Genetically modified (GM) plants attracted in recent years much public attention. Although consumers remain largely unaware of what GM crops really are, what the advantages and disadvantages of existing technologies are, and in what areas of economy these technologies and their products can be used, the company overall adjusted negatively in relation to the prospects for their use as food. The spread of GMO-phobia is demonstrated by at least the presence of the label "GMO" on almost all commercial products, including mineral water and salt. Moreover this marking occurs on non-food items, such as kitchen utensils and even (!) the bags of cement, which once again testifies to a woefully low level of awareness about the subject. Moreover, parliaments of several countries, such as Russia, have introduced laws prohibiting the cultivation of GM plants and animals and the importation of them from abroad. At the same time a priori denial of the possible problems associated with the use of GM crops would also be wrong. Actually with the advent of the first generation of such crops two major concerns have emerged: the risk to the environment and risk to human health. Since the introduction of the GM-lines of plants and animals will steadily increase, we can predict a corresponding increase in public concern about potential risks. So, we tried to analyze scientific evidence about the possible impact of GM plants on human health both directly – through their participation in the human diet and farm animals and in the production of recombinant medicines, and indirectly, through the impact on the environment.
Indeed, for the discrimination of GM products being transformed with the gene of interest selective marker genes are often used (e.g., kanamycin, which kills normal cells non-GM plants). According to opponents, this increases the risk of antibiotic resistance (ABR) spreading in the bacterial population. But it is well known that the ABR genes were originally isolated from soil bacteria which are widely distributed in nature. Studies have shown that the probability of ABR transmission from plants to bacteria is extremely low. Getting selectable markers that do not use resistance to AB, as well as procedures that remove the marker from the plant genomes at the end of transformation, almost completely takes off fears this kind.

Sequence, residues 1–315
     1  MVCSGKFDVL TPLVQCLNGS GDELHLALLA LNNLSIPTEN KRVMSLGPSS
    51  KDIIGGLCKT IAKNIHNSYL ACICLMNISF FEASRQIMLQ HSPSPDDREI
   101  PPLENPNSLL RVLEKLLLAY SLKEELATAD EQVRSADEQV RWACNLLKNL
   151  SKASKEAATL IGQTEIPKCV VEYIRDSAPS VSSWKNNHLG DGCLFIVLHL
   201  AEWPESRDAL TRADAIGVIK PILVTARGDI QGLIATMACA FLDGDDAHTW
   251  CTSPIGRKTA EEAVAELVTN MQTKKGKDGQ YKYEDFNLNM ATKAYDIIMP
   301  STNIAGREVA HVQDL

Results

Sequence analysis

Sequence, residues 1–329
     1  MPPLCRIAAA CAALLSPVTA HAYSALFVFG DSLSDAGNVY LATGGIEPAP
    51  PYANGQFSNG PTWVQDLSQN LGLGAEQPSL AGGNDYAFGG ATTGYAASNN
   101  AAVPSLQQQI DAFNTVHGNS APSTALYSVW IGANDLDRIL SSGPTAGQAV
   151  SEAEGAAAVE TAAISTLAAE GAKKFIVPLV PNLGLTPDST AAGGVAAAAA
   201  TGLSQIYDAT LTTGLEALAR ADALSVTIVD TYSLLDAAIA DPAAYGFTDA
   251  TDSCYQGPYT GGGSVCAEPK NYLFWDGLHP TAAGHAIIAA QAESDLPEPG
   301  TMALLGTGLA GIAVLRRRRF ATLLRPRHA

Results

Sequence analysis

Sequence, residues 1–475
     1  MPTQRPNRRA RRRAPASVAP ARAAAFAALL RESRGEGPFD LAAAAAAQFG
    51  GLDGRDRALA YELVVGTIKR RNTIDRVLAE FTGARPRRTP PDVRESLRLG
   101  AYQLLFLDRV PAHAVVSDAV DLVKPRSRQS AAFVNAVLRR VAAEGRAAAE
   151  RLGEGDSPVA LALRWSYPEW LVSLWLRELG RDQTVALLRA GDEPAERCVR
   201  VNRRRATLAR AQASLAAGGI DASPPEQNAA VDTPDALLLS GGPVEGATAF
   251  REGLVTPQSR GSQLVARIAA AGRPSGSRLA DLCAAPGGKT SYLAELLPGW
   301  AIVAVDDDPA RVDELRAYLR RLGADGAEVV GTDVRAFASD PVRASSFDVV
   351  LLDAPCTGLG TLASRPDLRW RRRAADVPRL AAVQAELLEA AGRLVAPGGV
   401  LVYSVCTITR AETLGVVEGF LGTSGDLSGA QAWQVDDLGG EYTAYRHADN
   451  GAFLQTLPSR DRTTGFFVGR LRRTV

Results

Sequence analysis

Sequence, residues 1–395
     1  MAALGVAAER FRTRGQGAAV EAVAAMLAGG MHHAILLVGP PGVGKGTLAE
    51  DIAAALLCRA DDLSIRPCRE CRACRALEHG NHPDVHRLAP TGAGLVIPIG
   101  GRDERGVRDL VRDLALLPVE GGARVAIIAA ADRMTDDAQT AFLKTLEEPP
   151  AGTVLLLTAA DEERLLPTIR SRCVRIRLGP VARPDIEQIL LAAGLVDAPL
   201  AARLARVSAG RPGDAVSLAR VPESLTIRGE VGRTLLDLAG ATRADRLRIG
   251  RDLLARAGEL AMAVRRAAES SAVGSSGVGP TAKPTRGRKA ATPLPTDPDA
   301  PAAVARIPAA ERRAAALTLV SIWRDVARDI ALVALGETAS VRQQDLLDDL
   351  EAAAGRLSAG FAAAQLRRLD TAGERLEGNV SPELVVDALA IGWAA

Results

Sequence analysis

The second problem related to GM technology was the transfer to the plant genomes of the unnecessary, redundant DNA and it was also successfully solved. A minimal gene cassette was developed, which houses a well-defined DNA fragment.The third problem relates to the possible increase of the level of natural mutations result in lowering the stability of the genome, which can cause certain undesirable effects. Generally, in the process of tissue culture may appear in the so-called somoclonal variations and possible rearrangement of the endogenous DNA around the integrated transgene. In practice, however, these effects are not registered. It should be emphasized that the appearance of GM crops on the market is preceded by a variety of large-scale tests.
Keywords: transgenic food, genetically modified organisms, GMO.
- Banuelos G, Leduc DL, Pilon-Smits EAH, Terry N. Transgenic Indian mustard overexpressing selenocysteine lyase or seloncystiene methyltransferase exhibit enhanced potential for selenium phytoremediation under field conditions. Environ Sci Tech. 2007; 41:599–605.
- Cox TS, Wood D. The nature and role of crop biodiversity. In Agrobiodiversity: Characterization, Utilization, and Management, eds D. Wood and J.M. Lenne. Wallingford, UK: CABI Publishing, 1999: 35–57.
- EMBO Reports. Molecular farming for new drugs and vaccines. EMBO Reports. 2005;6:593–9.
- Ewen SWB, Pusztai A. Effects of diets containing genetically modified potatoes expressing Galanthus Nivalis lectin on rat small intestine. Lancet. 1999; 354:1353–4.
- European Food Safety Authority. Scientiﬁc opinion addressing the safety assessment of plants developed through cisgenesis and intragenesis. EFSA J. 2012; 10:2561.
- Executive summary of Global Status of Commercialised Biotech/GM crops: 2007. ISAAA Briefs No. 37. Ithaca, NY ISAAA, 2007.
- Fox JL. Puzzling industry response to Prodigene fiasco. Nat Biotech. 2003;21:3–4.